OREMUS: 6 March 2005

Steve Benner steve.benner at oremus.org
Sat Mar 5 17:00:00 GMT 2005


*******************************************************
Visit our website at http://www.oremus.org
There you will find links to each day's Oremus, an archive for the past year,
and the lectionary and calendar we follow. You can access our online
hymnal, collection of liturgical texts and a NRSV Bible Browser at our site.
We also provide links to other forms of Anglican daily prayer
and a site to leave and view prayer requests. An opportunity to support our work
is also now available.
*******************************************************

OREMUS for Sunday, March 6, 2005
The Fourth Sunday in Lent

O God, make speed to save us;
O Lord, make haste to help us.

Blessed are you, God, rich in mercy,
you so loved the world 
that when we were dead in our sins,
you sent your only Son for our deliverance.
Lifted up from the earth,
he is light and life;
exalted upon the cross,
he is truth and salvation.
For these and all your mercies, we praise you:
Father, Son, and Holy Spirit,
Blessed be God for ever!

An opening canticle may be sung. 

http://www.oremus.org/lentocan.html

Psalm 69

Save me, O God,*
 for the waters have risen up to my neck.
I am sinking in deep mire,*
 and there is no firm ground for my feet.
I have come into deep waters,*
 and the torrent washes over me.
I have grown weary with my crying;
   my throat is inflamed;*
 my eyes have failed from looking for my God.
Those who hate me without a cause
   are more than the hairs of my head;
   my lying foes who would destroy me are mighty.*
 Must I then give back what I never stole?
O God, you know my foolishness,*
 and my faults are not hidden from you.
Let not those who hope in you
   be put to shame through me, Lord God of hosts;*
 let not those who seek you be disgraced because of me,
   O God of Israel.
Surely, for your sake have I suffered reproach,*
 and shame has covered my face.
I have become a stranger to my own kindred,*
 an alien to my mother's children.
Zeal for your house has eaten me up;*
 the scorn of those who scorn you has fallen upon me.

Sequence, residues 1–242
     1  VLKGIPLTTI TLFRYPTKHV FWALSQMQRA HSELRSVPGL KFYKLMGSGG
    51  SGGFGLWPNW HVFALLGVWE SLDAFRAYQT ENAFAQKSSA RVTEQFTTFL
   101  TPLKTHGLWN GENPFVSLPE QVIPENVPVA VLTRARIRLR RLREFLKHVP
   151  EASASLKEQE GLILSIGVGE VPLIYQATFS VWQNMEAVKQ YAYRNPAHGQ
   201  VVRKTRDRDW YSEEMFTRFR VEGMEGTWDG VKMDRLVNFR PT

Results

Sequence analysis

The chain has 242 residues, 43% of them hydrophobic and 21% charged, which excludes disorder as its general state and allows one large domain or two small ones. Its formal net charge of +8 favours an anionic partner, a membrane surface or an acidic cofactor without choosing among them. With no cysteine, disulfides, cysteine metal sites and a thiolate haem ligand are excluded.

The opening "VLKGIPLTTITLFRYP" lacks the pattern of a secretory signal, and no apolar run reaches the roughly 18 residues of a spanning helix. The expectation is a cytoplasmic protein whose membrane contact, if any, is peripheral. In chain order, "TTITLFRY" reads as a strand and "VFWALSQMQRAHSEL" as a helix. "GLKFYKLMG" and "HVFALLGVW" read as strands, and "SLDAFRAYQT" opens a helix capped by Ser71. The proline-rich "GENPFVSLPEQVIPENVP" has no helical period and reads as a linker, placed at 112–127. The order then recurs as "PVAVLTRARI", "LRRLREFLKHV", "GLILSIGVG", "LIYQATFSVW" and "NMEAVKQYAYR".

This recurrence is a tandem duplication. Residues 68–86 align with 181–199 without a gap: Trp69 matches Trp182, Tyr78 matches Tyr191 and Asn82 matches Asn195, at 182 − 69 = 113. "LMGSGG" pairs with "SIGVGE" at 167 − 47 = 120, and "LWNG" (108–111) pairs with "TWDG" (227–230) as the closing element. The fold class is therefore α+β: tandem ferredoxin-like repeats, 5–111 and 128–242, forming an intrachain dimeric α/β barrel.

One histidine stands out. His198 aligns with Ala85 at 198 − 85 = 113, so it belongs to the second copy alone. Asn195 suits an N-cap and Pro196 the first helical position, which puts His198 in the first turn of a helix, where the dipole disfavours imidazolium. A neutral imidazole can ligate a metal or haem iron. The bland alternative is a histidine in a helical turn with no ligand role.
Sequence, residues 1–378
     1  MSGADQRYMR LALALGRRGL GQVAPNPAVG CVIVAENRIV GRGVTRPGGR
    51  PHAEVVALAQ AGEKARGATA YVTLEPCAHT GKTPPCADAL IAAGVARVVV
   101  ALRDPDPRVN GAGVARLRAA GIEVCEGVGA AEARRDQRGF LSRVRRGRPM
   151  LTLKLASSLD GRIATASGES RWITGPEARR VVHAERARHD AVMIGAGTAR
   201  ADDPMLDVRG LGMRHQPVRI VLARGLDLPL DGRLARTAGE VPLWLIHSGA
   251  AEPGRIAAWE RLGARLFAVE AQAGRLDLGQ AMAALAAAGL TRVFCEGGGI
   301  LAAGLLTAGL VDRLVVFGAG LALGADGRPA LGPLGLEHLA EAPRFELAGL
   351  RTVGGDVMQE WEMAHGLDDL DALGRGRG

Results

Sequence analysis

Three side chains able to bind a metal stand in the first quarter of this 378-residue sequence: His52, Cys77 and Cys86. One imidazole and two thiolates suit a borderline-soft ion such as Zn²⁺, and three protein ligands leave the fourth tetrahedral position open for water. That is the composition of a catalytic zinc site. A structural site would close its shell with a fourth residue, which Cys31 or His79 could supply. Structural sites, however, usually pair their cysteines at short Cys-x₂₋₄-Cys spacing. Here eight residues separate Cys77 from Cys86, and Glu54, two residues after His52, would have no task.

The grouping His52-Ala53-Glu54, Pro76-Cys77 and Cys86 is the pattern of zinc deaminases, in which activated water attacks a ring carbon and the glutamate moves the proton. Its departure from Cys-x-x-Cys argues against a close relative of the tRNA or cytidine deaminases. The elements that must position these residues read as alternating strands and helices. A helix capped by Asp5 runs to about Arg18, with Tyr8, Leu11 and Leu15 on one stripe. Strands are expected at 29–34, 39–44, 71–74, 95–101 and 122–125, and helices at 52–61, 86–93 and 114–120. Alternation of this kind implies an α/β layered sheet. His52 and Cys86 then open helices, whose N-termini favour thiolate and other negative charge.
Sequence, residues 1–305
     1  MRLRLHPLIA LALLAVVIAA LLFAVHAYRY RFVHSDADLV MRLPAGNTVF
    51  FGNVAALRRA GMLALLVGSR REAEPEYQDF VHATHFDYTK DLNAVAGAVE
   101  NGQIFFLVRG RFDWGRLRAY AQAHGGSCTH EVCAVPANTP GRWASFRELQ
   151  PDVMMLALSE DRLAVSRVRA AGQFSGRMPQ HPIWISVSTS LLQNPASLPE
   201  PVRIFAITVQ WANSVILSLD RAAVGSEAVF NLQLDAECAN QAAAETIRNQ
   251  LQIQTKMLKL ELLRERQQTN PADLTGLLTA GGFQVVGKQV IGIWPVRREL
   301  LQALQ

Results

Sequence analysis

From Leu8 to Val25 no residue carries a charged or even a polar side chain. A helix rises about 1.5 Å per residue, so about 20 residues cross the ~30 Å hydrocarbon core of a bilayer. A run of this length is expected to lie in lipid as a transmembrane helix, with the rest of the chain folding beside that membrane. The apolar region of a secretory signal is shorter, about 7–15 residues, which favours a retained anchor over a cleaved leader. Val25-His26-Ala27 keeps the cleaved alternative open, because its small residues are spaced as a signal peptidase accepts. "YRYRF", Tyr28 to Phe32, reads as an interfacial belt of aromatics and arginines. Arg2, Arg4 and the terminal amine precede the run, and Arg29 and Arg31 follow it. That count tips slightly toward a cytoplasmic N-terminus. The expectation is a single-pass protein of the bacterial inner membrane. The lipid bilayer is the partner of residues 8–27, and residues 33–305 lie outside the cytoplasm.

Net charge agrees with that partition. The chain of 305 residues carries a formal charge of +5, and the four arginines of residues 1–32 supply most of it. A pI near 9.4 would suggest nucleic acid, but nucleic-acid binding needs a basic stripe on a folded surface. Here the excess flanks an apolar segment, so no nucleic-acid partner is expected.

I humbled myself with fasting,*
 but that was turned to my reproach.
I put on sack-cloth also,*
 and became a byword among them.
Those who sit at the gate murmur against me,*
 and the drunkards make songs about me.
But as for me, this is my prayer to you,*
 at the time you have set, O Lord:
'In your great mercy, O God,*
 answer me with your unfailing help.
'Save me from the mire; do not let me sink;*
 let me be rescued from those who hate me
   and out of the deep waters.
'Let not the torrent of waters wash over me,
   neither let the deep swallow me up;*
 do not let the Pit shut its mouth upon me.
'Answer me, O Lord, for your love is kind;*
 in your great compassion, turn to me.
'Hide not your face from your servant;*
 be swift and answer me, for I am in distress.
'Draw near to me and redeem me;*
 because of my enemies deliver me.
'You know my reproach, my shame and my dishonour;*
 my adversaries are all in your sight.'
Reproach has broken my heart and it cannot be healed;*
 I looked for sympathy, but there was none,
   for comforters, but I could find no one.
They gave me gall to eat,*
 and when I was thirsty, they gave me vinegar to drink.
As for me, I am afflicted and in pain;*
 your help, O God, will lift me up on high.
I will praise the name of God in song;*
 I will proclaim his greatness with thanksgiving.
This will please the Lord more than an offering of oxen,*
 more than bullocks with horns and hoofs.